taken. Forfeiture of the illegal catch does not fall within this general 
rule and is considered in most cases as only the initial step in 
remedying a violation by removing the ill-gotten gains of the offense.
    (c) If a fishing vessel for which a permit has been issued under the 
Magnuson-Stevens Act is used in the commission of an offense prohibited 
by section 307 of the Magnuson-Stevens Act, NOAA may impose permit 
sanctions, whether or not civil or criminal action has been undertaken 
against the vessel or its owner or operator. In some cases, the 
Magnuson-Stevens Act requires permit sanctions following the assessment 
of a civil penalty or the imposition of a criminal fine. In sum, the 
Magnuson-Stevens Act treats sanctions against the fishing vessel permit 
to be the carrying out of a purpose separate from that accomplished by 
civil and criminal penalties against the vessel or its owner or 
operator.

[61 FR 32540, June 24, 1996, as amended at 63 FR 7075, Feb. 12, 1998]



Sec. 600.745  Scientific research activity, exempted fishing, and exempted educational activity.

    (a) Scientific research activity. Nothing in this section is 
intended to inhibit or prevent any scientific research activity 
conducted by a scientific research vessel. Persons planning to conduct 
scientific research activities in the EEZ are encouraged to submit to 
the appropriate Regional Administrator, Director, or designee, 60 days 
or as soon as practicable prior to its start, a scientific research plan 
for each scientific cruise. The Regional Administrator, Director, or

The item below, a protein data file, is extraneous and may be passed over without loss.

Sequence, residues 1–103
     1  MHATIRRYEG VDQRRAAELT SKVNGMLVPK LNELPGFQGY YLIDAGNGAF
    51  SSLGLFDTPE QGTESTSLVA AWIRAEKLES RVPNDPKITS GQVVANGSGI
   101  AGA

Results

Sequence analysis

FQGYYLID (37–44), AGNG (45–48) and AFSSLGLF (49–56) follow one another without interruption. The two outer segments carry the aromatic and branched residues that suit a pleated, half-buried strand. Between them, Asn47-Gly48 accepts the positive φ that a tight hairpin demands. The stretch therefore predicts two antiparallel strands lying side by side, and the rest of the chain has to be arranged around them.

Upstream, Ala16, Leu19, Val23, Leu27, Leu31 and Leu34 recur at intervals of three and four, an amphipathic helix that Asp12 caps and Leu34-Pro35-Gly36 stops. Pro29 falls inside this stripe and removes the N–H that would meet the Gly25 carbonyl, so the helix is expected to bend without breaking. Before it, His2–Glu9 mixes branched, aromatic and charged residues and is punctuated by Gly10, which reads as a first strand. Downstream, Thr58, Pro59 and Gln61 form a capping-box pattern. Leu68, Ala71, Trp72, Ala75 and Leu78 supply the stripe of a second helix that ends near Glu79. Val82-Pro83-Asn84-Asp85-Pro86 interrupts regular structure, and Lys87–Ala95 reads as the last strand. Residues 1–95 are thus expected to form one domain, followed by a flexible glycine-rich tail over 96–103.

designee will acknowledge notification of scientific research activity 
by issuing to the operator or

[[Page 74]]

master of that vessel, or to the sponsoring institution, a letter of 
acknowledgment. This letter of acknowledgment is separate and distinct 
from any permit required by any other applicable law. If the Regional 
Administrator, Director, or designee, after review of a research plan, 
determines that it does not constitute scientific research but rather 
fishing, the Regional Administrator, Director, or designee will inform 
the applicant as soon as practicable and in writing. The Regional 
Administrator, Director, or designee may also make recommendations to 
revise the research plan to make the cruise acceptable as scientific 
research activity or recommend the applicant request an EFP. In order to 
facilitate identification of activity as scientific research, persons 
conducting scientific research activities are advised to carry a copy of 
the scientific research plan and the letter of acknowledgment on board 
the scientific research vessel. Activities conducted in accordance with 
a scientific research plan acknowledged by such a letter are presumed to 
be scientific research activity. The presumption may be overcome by 
showing that an activity does not fit the definition of scientific 
research activity or is outside the scope of the scientific research 
plan.
    (b) Exempted fishing.--(1) General. A NMFS Regional Administrator or 
Director may authorize, for limited testing, public display, data 
collection, exploratory, health and safety, environmental cleanup, and/
or hazard removal purposes, the target or incidental harvest of species